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Thai soapy massages meet politics

Can Bangkok’s former “Brothel King" bring political tension to a happy ending?

Thailand's massage parlor tycoon Chuwit Kamolvisit (center) poses in a jacuzzi inside Copa Cabana, one of the six upscale entertainment clubs he owned in Bangkok on Aug. 2, 2003. (Adrees Latif AL/DL/Reuters)

BANGKOK, Thailand — There’s still a dash of kingpin swagger to Chuvit Kamolvisit’s deluxe penthouse: the waxed marble staircase, the slick designer-decorated sitting room, the perfumed secretary wearing a slinky black dress and dental braces.

But for a man once cast in headlines as the “King of Commercial Sex,” the brash businessman-turned-political crusader has been uncharacteristically quiet of late. Sinking into a love seat, Chuvit explains his absence.

“Everyone wants to know where I’ve been,” Chuvit said. “While these politicians have been talking, I’ve been listening. Pretty soon, I’ll be back.”

Raised in Thailand, college-educated in the U.S., Chuvit made his fortune in Bangkok running lucrative “soapies”: luxury massage parlors where women treat patrons to erotic baths.

Playing godfather to a brothel empire may seem an odd springboard to becoming an anti-corruption crusader. But any Thai living in Bangkok can recount Chuvit’s path to fame, chronicled in soap opera detail by the Thai press.

In the early 2000s, Chuvit began publicly accusing senior police officers of milking him for an alleged $350,000-plus in monthly bribes. It was protection money, Chuvit claimed. [Brothel bosses can escape prostitution laws through a flimsy legal sleight-of-hand: They rent out masseurs but claim ignorance of in-room activities.]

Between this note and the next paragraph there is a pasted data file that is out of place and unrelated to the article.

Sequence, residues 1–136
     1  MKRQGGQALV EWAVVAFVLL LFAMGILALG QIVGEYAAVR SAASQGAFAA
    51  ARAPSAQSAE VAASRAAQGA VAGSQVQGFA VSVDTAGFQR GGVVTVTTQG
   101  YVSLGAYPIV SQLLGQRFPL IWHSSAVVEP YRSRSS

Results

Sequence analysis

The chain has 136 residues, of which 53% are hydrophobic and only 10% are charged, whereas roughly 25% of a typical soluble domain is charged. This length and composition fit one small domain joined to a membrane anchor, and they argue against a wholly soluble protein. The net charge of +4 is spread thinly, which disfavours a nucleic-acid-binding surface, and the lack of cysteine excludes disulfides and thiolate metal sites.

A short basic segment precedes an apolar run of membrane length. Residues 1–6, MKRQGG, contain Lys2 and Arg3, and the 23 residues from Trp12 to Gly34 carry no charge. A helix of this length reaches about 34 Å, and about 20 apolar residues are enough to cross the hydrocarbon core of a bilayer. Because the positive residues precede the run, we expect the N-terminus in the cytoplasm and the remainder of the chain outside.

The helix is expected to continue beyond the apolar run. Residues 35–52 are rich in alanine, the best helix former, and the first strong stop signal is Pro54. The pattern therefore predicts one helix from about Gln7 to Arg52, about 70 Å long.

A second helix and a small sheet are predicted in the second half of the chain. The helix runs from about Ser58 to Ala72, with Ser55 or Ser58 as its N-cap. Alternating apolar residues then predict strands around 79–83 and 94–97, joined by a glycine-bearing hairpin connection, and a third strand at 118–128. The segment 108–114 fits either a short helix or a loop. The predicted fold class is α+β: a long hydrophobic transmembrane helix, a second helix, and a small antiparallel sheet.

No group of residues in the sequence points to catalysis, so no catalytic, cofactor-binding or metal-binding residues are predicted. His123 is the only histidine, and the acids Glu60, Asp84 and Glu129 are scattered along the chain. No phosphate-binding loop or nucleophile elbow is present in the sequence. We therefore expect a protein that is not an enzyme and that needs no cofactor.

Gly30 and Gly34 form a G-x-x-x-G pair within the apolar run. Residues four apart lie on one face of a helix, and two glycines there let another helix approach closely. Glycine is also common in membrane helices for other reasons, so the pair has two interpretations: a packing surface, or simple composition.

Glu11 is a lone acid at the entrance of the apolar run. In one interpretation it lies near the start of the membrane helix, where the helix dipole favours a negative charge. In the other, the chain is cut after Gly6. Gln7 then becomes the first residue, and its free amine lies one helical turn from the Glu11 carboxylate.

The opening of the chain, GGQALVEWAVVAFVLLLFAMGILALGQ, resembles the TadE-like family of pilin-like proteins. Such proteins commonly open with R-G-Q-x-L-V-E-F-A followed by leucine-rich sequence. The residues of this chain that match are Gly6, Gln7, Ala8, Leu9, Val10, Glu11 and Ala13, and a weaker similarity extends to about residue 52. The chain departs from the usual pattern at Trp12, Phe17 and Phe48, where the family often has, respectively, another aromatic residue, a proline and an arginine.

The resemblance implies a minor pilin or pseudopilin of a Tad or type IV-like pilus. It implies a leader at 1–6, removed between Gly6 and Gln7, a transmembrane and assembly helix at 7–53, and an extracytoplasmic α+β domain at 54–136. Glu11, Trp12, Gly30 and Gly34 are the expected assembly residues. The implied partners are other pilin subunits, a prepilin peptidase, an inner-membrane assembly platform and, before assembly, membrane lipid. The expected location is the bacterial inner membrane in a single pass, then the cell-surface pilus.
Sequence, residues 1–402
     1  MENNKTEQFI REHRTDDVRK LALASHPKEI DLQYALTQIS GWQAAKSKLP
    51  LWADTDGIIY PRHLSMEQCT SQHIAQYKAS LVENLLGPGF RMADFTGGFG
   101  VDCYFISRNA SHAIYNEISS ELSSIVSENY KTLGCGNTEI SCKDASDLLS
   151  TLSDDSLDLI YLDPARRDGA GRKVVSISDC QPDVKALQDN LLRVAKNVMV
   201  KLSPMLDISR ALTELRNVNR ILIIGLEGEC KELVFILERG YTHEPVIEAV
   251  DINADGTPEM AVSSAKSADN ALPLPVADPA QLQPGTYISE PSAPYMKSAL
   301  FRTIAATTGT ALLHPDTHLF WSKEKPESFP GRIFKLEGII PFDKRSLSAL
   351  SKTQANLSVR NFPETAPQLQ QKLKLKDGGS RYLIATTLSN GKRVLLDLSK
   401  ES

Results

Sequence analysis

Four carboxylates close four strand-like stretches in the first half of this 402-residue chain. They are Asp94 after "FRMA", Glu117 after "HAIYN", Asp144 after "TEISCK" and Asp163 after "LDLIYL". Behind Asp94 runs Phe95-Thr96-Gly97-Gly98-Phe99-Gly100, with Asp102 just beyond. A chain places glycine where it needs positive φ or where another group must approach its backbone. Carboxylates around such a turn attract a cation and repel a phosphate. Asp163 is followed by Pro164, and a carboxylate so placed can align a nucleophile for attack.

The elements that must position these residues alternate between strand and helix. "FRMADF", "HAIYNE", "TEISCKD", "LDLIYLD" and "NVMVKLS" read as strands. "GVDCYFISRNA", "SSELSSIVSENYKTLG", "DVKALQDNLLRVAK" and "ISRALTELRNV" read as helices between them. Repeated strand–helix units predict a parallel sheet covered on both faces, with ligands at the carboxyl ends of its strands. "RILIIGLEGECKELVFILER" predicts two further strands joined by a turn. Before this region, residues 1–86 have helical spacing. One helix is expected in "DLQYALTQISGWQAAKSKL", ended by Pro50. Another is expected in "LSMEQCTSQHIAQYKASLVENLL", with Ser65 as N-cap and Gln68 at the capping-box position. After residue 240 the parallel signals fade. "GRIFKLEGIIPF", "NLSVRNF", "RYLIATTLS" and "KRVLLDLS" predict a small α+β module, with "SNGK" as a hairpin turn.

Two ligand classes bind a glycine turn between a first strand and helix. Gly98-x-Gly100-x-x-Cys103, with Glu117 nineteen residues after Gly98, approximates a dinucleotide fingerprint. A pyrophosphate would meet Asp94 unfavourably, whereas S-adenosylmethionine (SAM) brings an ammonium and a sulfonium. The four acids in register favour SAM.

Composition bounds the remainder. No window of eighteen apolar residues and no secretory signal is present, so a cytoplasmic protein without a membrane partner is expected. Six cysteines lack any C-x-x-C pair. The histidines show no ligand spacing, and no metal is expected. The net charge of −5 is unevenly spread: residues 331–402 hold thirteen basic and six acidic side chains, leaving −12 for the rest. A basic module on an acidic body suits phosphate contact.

As Chuvit began to expose the details of corruption — cash-stuffed trash bags, complimentary Rolexes — his public profile grew. He named big names, ranted with American-style bluntness and vowed to stand up for anyone who’d ever been screwed over by sticky-fingered big-shots.

Since 2003, Chuvit parlayed this infamy into several bids for Bangkok governor — all of which failed despite impressive showings — and a brief stint as parliamentarian with an opposition party.

The Thai public last glimpsed Chuvit in October 2008. Though polling strong, his bid for Bangkok governor had failed after he assaulted a TV anchorman who called him “unmanly” following an interview.

But amid the recent political chaos of Thailand, Chuvit is preparing another bid for parliament. Here, he discusses his reputation’s downside, his new political endeavors and how America taught him to disregard Asian groupthink.

People still think of you as the “Brothel King.” But in 2005 you smashed a jacuzzi bathtub in front of parliament to show you’re out of that business. Are you still connected in any way to the massage trade?

http://www.globalpost.com/dispatch/thailand/100526/thai-politics-happy-ending